- Tapa blanda: 306 páginas
- Editor: University of Chicago Press; Edición: 2nd ed. (19 de enero de 1998)
- Colección: Worlds of Desire
- Idioma: Inglés
- ISBN-10: 0226682579
- ISBN-13: 978-0226682570
- Valoración media de los clientes: Sé el primero en opinar sobre este producto
- Clasificación en los más vendidos de Amazon: nº802.152 en Libros en idiomas extranjeros (Ver el Top 100 en Libros en idiomas extranjeros)
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Mema's House, Mexico City: On Transvestites, Queens and Machos (Worlds of Desire) (Inglés) Tapa blanda – 19 ene 1998
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Reseña del editor
Mema's house is in the poor quarter Nezahualcoyotl, a crowded urban space on the outskirts of Mexico City where people survive with the help of family, neighbours, and friends. This house is a sanctuary for a group of young homosexual men who meet to chat, flirt, listen to music, and smoke marijuana. Among the group are sex workers and transvestites with high heels, short skirts, heavy make-up, and voluminous hairstyles; and their partners, young, bisexual men, wearing T-shirts and worn jeans, short hair, and maybe a moustache. Mema, an AIDS educator and the leader of this gang of homosexual men, invited Annick Prieur, a European sociologist, to meet the community and conduct her fieldwork at his house. Prieur lived there for six months between 1988 and 1991, and she has kept in touch for more than eight years. As Prieur follows the transvestites in their daily activities - at their work as prostitutes or as hairdressers, at night having fun in the streets and in discos, on visits with their families and even in prisons, a story unfolds of love, violence, and deceit. Prieur analyzes the complicated relations between the effeminate homosexuals, most of them transvestites, and their partners, the masculine-looking bisexual men, asking why these particular gender constructions exist in the Mexican working classes, and how they can be so widespread in a male-dominated society, the very society from which the term "machismo" stems. Weaving empirical research with theory, Prieur presents new analytical angles on several concepts: family, class, domination, the role of the body, and the production of differences among men.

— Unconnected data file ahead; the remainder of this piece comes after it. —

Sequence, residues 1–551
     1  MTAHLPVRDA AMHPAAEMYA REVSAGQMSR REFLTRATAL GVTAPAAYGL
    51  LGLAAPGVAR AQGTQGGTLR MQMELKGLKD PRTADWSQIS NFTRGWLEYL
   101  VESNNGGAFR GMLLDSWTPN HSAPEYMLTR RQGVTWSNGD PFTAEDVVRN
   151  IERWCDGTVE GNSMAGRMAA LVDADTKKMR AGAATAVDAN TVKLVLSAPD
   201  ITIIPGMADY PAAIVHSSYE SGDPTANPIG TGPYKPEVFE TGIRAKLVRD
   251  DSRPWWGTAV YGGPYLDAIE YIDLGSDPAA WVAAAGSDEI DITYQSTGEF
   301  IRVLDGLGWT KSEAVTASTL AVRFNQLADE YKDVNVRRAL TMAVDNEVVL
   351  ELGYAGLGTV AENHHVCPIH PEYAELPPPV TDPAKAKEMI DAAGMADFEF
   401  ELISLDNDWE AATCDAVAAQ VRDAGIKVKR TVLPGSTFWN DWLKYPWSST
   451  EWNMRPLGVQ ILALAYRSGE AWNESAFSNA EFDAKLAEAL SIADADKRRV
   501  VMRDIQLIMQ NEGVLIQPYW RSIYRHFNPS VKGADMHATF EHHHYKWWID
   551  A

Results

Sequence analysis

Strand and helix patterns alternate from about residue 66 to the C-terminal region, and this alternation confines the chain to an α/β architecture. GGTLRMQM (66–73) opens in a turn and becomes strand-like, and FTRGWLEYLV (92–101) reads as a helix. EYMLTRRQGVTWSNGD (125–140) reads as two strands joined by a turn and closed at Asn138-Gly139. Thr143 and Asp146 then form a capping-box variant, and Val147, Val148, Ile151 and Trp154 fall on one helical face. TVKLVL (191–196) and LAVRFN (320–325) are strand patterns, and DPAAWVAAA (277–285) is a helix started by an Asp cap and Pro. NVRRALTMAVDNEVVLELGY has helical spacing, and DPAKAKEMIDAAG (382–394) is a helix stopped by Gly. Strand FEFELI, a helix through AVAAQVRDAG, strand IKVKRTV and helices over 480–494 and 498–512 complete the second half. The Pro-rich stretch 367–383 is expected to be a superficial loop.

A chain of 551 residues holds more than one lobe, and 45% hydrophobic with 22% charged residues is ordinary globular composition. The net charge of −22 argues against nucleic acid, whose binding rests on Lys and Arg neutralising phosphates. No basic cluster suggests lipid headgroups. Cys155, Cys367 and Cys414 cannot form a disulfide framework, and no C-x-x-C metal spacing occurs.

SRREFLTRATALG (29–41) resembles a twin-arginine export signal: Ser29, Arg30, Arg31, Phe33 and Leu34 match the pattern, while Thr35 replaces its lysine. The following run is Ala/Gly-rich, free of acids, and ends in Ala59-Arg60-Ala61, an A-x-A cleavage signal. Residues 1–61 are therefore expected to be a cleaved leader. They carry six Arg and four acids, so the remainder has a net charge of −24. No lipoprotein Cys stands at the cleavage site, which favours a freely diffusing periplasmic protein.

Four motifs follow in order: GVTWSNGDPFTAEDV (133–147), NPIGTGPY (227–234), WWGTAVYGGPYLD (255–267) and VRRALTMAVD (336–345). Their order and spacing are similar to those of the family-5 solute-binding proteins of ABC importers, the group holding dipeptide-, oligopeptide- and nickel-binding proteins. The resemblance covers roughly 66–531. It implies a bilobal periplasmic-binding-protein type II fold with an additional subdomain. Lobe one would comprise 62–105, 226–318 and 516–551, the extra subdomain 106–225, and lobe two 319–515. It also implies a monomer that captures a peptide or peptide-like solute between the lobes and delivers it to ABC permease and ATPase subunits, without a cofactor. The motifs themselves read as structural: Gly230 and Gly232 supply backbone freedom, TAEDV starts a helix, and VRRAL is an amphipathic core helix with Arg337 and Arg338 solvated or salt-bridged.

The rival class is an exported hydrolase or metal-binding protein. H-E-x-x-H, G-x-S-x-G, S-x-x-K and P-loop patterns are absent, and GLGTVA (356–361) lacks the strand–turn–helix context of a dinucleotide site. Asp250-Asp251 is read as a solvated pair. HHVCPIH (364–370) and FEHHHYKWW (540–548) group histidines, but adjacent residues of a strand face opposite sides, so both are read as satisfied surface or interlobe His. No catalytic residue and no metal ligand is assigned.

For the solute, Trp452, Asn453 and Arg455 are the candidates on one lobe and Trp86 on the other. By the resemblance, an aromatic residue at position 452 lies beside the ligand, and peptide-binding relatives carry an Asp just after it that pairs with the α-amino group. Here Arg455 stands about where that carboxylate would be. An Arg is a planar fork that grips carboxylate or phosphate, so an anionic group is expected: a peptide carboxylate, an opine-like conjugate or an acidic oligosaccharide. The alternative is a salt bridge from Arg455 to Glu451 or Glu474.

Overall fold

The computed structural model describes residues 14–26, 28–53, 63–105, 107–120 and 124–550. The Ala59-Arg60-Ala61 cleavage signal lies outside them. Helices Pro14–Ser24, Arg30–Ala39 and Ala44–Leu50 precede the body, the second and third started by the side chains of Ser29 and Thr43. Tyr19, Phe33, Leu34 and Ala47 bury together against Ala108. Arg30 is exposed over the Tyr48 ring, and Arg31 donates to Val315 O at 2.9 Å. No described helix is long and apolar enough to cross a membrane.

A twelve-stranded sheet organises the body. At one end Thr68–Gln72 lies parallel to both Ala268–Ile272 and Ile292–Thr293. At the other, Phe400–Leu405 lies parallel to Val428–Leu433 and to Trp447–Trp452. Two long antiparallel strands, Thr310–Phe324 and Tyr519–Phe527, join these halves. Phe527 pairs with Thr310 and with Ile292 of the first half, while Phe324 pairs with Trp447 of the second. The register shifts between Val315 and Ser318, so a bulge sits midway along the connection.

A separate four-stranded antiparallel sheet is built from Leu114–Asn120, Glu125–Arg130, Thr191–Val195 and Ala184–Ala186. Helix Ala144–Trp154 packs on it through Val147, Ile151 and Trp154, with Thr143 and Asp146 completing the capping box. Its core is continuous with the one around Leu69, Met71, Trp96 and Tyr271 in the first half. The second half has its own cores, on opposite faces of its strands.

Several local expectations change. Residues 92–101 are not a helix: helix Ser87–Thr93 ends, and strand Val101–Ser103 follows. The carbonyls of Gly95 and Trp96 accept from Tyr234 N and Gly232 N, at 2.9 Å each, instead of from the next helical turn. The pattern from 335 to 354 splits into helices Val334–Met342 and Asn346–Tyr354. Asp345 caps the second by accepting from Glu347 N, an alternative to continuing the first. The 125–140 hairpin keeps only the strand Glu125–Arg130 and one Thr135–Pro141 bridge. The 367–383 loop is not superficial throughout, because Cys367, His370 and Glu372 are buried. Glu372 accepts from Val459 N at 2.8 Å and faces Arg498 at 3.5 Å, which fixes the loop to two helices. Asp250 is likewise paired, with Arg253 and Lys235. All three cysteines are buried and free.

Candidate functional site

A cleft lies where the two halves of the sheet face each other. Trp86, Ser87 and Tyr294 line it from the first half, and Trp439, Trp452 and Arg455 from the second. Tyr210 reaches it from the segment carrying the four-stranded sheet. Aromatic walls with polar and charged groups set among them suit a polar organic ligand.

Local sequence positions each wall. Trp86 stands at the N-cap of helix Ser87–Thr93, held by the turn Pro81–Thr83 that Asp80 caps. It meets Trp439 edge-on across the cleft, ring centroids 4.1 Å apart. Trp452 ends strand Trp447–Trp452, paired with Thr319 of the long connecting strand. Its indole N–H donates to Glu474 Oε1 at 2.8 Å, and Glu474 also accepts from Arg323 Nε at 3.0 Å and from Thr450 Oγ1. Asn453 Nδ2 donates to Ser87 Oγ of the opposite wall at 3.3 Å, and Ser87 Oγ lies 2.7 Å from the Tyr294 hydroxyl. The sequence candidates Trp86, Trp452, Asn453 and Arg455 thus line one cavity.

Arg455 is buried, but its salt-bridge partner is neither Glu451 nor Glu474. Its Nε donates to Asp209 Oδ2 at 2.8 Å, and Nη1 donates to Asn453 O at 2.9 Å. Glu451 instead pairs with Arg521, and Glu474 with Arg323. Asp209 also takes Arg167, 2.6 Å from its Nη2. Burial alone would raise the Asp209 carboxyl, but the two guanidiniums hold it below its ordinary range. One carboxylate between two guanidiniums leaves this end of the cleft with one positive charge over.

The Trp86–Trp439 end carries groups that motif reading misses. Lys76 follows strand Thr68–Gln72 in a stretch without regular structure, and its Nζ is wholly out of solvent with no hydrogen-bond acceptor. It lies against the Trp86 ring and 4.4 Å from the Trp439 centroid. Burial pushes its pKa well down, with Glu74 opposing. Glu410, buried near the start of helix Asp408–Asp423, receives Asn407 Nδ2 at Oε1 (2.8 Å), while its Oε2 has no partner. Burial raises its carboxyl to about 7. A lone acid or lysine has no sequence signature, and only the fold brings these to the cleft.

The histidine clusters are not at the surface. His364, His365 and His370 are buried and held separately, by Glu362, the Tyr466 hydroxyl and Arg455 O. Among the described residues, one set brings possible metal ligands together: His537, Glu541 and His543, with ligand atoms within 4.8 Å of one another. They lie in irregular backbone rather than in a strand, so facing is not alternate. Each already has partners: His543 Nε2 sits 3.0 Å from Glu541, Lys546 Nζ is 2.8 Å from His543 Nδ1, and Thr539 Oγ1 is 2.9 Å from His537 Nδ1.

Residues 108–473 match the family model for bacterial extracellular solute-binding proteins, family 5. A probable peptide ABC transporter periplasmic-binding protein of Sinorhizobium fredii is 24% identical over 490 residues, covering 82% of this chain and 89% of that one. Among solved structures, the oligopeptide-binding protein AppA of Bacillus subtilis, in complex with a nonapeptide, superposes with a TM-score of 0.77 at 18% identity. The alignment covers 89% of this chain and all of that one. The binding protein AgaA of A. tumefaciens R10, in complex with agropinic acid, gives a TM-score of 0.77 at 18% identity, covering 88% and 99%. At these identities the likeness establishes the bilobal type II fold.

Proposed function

Biografía del autor
Annick Prieur is senior researcher at NOVA in Oslo and an associated researcher at the Centre de Sociologie Europeenne in Paris.
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The only thing I found somewhat lacking was a broader historical context. (For example, I was surprised not to find Chauncey's Gay New York in the bibliography, because parallels with the New York situation of 100 years ago can easily be drawn).
The relative lack of a historical setting leaves some questions unanswered. The vestidas are largely able to construct their identity through fairly recently developed technologies (hormone pills, oil injections, and, of course, cheap cosmetics). With this in the back of one's mind, it's fair to ask whether Prieur's vestidas existed in Neza thirty years ago. If so, how different were they? With reduced possibilities to pass convincingly as a woman before technology makes spectacular changes possible, how did Mexican (Neza-an) men conceive of themselves and of their sexuality? Were the extravagant, but only recently 'constructed' vestidas actual vectors in a changing attitude towards sexuality and/or views towards masculinity and femininity?